In this book, Bultinck writes the history of this implicature-driven approach and demonstrates that it suffers from methodological insecurity and postulates highly non-conventional meanings of numerals as their "literal meaning", while it confuses the level of lexical semantics with that of utterances and cannot deal with a large number of counter-examples. Relying on the results of an extensive corpus-based analysis, an alternative account of the meaning of English cardinals and the ways in which their interpretation is influenced by other linguistic elements is presented. As such, this analysis constitutes a prism that offers todays linguist an iridescent history of one of the most fascinating, if often misconstrued, topics in contemporary meaning research: the conversational implicatures.


Edited by Daniel Gutzmann and Hans-Martin Gärtner

Beyond Expressives: Explorations in Use-Conditional Meaning offers empirical and theoretical studies of expressions whose meaning falls outside the standard realm of truth-conditional semantics. Aspects of meaning that are better captured by their use-conditions instead came into the spotlight of formal semantics recently, mainly due to the raised interest in expressions like interjections or swear words. Going beyond such expressives, the contributions provide detailed semantic analyses of a broad range of use-conditional items, including particles, non-inflectional constructions, personal datives and interpretational effects of focus. This volume thereby proves that the empirical domain of use-conditional meaning is as diverse as the truth-conditional one, equally amenable to systematic semantic treatments.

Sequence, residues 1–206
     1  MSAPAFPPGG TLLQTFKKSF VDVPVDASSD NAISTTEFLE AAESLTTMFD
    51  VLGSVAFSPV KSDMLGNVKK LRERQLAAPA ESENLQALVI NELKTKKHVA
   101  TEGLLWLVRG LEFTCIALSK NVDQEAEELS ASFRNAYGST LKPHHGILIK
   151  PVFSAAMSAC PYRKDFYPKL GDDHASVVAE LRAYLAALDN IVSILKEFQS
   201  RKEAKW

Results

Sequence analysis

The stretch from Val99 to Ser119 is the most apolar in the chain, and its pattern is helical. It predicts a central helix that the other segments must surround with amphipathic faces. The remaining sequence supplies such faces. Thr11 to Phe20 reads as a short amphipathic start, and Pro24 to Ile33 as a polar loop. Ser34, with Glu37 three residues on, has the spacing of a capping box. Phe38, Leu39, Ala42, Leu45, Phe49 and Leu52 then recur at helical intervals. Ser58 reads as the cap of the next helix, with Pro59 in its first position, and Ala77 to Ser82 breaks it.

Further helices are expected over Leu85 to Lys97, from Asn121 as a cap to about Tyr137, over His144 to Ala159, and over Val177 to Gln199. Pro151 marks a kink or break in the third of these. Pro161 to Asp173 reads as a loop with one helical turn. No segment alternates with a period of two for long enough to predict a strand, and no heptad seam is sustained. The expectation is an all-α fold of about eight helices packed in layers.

This book is an exciting, eye-opening collection of novel and challenging data from English, German and Japanese. For anyone who needs persuading that there is more to language expressivity than informational content, this book is a must. For those who need no persuading, this book will be no less a treat. It offers to all not merely sets of entrancing new observations, but also analyses which feed one’s imagination as to how best to extend current methodologies to make these data tractable for formal modelling. Ruth Kempson, King’s College


Edited by Kerstin Fischer